MSU's Izzo 'scared' about transfer climate — like at Texas Tech

MINNEAPOLIS — One-and-done is an accepted reality in college basketball, and Michigan State coach Tom Izzo understands no coach would turn down one year with Zion Williamson on his roster.
“If the No. 1 player in the country wants to come, we’ll make room for him,” said Izzo, shrugging off the perils of missing out on a roster as experienced as his current model by going for one-and-done talents.
But the state of NCAA transfer rules is another story.

Deshawn Corprew
Mark J. Rebilas-USA TODAY Sports

The loose commitment being allowed could be breeding a grass-is-greener subculture in college basketball. Izzo said on Friday that it “saddens” him, saying it reflects a segment of society willing to bail at any sign of adversity.
“In this era of one-and-done and transfer — the one-and-done, I’m fine with,” Izzo said.
“The transfer thing, I’m saddened by because every year of my life, and there’s some good — we’ve had transfers. There’s good reasons sometimes. I hope it doesn’t get to the point where the going gets tough, let’s get the hell out of Dodge, you know. I worry about that. I think that’s what we are.”
Texas Tech lost four starters from its Elite Eight entry in 2018, including freshman Zhaire Smith, but coach Chris Beard scrambled to land a pair of transfers who became starters. They are redshirt senior Tariq Owens, a graduate transfer from St. John’s, and Matt Mooney, who began his career at Air Force, went to South Dakota and left as a post-graduate for Lubbock.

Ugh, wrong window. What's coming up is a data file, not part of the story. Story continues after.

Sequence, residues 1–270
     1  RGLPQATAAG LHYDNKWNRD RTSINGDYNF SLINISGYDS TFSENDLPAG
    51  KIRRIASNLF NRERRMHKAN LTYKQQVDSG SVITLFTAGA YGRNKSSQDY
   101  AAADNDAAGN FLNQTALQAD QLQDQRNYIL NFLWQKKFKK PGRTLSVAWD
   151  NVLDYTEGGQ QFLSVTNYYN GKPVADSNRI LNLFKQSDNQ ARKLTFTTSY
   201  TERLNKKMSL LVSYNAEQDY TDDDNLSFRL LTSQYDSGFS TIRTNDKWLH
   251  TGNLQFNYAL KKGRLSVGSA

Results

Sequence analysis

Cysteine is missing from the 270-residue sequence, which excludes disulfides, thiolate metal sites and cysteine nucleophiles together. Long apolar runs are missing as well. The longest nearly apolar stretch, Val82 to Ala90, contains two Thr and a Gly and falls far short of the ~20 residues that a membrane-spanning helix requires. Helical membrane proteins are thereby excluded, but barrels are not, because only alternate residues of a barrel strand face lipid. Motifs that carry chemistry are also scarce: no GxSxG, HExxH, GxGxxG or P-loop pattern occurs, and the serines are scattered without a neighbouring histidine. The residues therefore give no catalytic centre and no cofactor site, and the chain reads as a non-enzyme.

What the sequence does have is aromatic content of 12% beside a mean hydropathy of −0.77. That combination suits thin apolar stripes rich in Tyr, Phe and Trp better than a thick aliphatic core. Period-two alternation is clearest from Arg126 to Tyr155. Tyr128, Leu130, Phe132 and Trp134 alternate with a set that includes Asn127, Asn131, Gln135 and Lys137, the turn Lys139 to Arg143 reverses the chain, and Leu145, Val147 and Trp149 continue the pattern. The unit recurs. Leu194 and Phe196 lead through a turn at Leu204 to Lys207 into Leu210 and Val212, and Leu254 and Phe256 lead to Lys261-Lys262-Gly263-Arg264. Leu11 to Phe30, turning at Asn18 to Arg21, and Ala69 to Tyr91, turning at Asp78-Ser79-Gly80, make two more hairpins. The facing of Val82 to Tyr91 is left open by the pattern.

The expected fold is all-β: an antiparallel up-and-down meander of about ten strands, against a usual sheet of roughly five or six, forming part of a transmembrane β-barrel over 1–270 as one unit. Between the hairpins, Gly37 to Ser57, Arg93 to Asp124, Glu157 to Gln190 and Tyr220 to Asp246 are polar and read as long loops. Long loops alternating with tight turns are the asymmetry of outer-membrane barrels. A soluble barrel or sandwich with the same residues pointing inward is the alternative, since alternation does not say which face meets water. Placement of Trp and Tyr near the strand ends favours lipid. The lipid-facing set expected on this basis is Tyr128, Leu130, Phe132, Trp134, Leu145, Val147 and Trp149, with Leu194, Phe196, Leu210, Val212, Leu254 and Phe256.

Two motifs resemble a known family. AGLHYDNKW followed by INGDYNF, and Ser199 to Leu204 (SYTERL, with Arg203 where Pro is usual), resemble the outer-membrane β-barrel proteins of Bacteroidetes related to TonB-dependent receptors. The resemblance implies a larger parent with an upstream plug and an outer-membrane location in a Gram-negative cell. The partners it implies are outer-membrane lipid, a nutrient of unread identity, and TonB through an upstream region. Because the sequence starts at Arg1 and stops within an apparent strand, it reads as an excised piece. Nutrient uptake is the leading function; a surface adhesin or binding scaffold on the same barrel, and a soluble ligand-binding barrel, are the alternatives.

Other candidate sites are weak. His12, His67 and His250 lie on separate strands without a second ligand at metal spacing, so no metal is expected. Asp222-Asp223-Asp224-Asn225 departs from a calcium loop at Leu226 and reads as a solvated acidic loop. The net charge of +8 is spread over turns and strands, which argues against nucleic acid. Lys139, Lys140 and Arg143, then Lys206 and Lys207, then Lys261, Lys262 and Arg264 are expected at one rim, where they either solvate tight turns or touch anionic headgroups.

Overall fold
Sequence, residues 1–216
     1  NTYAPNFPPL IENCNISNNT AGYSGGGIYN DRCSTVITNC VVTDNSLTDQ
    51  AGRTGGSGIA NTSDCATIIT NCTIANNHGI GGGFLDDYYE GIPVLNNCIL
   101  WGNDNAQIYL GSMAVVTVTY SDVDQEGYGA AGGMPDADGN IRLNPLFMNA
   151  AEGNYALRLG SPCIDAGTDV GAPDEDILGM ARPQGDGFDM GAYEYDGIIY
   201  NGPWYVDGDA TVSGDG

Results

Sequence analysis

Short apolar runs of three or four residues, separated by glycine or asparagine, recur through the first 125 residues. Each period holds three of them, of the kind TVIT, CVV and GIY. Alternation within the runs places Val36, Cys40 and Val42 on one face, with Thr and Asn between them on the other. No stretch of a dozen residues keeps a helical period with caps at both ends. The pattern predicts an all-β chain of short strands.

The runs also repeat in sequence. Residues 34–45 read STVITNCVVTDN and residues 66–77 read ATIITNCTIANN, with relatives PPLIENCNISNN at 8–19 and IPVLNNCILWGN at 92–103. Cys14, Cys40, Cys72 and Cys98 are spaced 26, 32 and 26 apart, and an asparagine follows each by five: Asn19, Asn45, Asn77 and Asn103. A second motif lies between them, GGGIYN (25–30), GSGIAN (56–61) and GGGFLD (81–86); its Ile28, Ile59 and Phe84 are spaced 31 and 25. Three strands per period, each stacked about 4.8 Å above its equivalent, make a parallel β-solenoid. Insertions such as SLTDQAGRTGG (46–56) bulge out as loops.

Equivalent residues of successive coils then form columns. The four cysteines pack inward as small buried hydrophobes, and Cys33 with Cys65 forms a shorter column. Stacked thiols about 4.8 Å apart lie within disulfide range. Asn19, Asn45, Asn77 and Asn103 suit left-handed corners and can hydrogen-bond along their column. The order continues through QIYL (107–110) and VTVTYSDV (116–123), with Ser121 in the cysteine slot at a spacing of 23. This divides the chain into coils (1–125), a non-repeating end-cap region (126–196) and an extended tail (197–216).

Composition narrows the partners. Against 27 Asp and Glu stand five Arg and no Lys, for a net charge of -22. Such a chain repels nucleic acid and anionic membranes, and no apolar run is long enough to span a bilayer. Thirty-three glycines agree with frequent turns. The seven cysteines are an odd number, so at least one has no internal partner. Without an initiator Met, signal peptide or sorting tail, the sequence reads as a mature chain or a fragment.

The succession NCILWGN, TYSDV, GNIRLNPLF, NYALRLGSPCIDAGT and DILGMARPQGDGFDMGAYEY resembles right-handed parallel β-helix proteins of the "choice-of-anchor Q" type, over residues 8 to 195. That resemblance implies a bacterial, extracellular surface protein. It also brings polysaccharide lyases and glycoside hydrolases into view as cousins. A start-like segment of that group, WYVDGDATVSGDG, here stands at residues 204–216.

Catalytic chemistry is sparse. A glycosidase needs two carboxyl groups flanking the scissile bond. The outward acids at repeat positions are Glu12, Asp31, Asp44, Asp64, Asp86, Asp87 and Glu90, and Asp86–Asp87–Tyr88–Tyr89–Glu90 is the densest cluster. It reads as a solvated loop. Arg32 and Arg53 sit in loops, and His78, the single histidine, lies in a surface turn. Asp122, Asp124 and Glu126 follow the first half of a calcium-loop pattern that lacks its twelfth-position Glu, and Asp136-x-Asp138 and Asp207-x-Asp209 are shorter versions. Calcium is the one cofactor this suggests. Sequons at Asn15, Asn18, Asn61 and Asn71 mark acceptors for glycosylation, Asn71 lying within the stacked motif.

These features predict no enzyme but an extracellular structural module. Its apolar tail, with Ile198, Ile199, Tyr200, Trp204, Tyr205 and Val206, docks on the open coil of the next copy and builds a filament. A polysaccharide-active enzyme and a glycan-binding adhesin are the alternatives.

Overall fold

Izzo gave Beard credit for assimilating the newcomers to form a tight 30-win team this season, but doesn’t want to overlook the slippery slope of accepting top talent from other teams.
“Chris did a great job of getting some grad transfers in there and some other people and getting them to buy into his system. That’s hard to do. It’s very hard to do,” Izzo said.
“… I’ve had two transfers, I think, that played any significant minutes in my career. I’m happy for him. I hope the day and age doesn’t come where we’re living on transfers and this and that. That part scares me, worries me for our profession. But I also have great admiration for a guy who can take a group of guys that have experience, though — remember, the key word is they have experience — but mold them together like he has in this period of time.
“I think he deserves to be Coach of the Year, and it was whoever voted did a good job voting for him.”
–By Jeff Reynolds (@ReynoldsJD), Field Level Media

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